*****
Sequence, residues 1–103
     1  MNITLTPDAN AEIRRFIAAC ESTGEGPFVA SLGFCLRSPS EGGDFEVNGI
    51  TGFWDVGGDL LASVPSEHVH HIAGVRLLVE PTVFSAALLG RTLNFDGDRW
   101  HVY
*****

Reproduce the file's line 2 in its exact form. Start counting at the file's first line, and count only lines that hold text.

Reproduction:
     1  MNITLTPDAN AEIRRFIAAC ESTGEGPFVA SLGFCLRSPS EGGDFEVNGI